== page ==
Bring that all together, and you are using matter to construct a base that you purchase assistant robots to move ingredients to soup factories and from soup to the launchpad while you back them up with various tools you can purchase.

Nom Nom Galaxy is far from finished, at least if the version number (v0.14), is any indicator, but is quite playable, and it has some of the most charmingly stylized aesthetics of any game I have ever played.  At half-off, it was $10 well spent.

The Sims 4.

The Sims 4 has no "early access" excuse: it is a "finished" game.  Granted, the definition of "finished" has been a loopy thing for AAA PC games for quite some time.  More accurately, The Sims 4 is a released game that will continue to be patched, so it will likely not be truly "finished" for quite some time.  It will also have a lot of expansions and downloadable content sold for it because, after all, that is a major part of the EA Maxis business model.
Most first impressions of The Sims 4 have been poor.  It's doing rather badly on metacritic, particularly among players, for several reasons:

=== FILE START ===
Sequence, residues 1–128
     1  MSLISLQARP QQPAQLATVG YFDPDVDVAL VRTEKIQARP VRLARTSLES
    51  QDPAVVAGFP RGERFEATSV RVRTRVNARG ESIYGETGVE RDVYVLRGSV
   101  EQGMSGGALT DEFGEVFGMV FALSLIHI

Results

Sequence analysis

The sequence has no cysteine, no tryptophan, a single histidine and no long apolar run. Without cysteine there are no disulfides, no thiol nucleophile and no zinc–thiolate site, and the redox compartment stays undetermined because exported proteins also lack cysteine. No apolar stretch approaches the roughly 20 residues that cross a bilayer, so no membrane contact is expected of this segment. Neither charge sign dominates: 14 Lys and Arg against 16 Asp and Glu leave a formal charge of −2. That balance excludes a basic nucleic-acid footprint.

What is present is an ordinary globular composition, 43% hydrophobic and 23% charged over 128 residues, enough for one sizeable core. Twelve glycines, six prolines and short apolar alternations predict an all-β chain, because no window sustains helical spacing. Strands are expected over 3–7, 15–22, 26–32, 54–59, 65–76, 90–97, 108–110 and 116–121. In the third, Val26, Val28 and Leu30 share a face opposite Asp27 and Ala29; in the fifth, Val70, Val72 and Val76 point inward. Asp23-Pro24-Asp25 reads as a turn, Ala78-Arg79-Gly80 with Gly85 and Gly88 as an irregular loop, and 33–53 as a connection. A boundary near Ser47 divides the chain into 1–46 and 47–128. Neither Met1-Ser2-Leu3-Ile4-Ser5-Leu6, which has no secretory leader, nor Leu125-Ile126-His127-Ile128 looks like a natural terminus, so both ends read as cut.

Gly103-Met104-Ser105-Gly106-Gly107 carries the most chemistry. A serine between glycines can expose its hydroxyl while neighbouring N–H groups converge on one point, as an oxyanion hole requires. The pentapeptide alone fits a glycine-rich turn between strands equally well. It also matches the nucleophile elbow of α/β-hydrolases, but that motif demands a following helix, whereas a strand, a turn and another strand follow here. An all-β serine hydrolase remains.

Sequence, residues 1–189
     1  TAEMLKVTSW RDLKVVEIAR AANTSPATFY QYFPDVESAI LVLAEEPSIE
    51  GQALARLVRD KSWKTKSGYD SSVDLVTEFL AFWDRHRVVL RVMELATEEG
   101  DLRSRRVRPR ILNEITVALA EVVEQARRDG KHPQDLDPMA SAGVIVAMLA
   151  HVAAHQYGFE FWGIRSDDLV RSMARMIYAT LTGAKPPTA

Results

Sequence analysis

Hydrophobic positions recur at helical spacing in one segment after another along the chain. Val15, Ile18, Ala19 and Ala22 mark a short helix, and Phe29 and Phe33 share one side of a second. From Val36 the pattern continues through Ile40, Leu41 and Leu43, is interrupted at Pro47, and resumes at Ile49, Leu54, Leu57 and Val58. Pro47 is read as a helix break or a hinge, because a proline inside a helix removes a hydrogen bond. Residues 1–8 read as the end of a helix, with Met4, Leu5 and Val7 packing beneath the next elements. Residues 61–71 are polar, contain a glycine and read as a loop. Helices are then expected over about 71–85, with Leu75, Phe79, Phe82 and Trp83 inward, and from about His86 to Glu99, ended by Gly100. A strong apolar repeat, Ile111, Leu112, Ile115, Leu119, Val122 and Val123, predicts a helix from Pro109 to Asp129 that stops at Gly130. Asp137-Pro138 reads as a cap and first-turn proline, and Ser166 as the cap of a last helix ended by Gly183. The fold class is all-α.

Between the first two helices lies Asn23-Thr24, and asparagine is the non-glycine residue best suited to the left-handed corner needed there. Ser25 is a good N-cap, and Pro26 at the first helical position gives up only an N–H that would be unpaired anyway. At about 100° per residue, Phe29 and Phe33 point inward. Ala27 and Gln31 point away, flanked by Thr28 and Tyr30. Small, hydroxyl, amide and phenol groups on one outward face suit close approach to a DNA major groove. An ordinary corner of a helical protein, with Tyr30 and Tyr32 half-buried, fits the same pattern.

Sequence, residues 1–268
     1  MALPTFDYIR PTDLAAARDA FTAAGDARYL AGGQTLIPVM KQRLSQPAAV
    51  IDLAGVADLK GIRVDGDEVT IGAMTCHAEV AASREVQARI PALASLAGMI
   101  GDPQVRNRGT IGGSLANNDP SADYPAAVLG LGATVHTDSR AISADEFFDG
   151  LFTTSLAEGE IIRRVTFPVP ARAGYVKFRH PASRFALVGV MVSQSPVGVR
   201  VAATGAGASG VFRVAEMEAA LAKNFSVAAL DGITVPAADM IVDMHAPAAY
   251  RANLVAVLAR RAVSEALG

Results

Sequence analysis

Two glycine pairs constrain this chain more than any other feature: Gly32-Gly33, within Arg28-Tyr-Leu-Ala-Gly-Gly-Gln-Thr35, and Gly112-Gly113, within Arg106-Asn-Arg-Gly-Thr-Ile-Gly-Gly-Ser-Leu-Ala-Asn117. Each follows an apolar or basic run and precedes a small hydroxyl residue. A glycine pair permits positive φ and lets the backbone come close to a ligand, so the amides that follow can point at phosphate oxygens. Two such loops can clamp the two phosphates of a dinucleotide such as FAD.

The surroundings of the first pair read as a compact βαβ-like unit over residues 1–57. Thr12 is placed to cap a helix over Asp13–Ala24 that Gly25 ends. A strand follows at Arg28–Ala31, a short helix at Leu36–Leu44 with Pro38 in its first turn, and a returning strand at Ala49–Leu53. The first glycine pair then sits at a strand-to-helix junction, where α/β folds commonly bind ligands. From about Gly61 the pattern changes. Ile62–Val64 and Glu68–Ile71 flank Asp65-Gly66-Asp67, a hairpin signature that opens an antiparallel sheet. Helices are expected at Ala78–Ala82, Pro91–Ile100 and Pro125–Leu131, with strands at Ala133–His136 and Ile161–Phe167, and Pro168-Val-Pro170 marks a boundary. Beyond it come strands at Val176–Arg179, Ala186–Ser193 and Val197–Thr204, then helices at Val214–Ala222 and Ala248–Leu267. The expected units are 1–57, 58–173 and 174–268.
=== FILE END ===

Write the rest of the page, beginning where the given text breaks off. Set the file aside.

• The Sims 3 was rather cool because you could simply zoom in on any building on the map and see what's going on there, which created the illusion that the entire map was being simulated at once.  In The Sims 4, only one lot is fully loaded into memory at a time, with a big fat loading screen in between each transition.
  • Work places are gone; your little Sims simply vanish from the map while they are at work.  EAMaxis will probably ransom back actual workplaces in a later Ambitions-like expansion, but the carpool car is a traditional fixture in this series that has completely vanished, and your Sims cannot meet their coworkers.
  • No swimming pools or toddlers are in the release version.  There are a surprising number of fans of this series who would not think of playing the game without one or both features.
  • It's generally reputed to be buggy.  Personally, I have experienced less bugs in The Sims 4 than I did in post-many-expansion The Sims 3, but I will say that your neighbors have an unfortunate tendency to age early.  These issues will likely be patched out in time.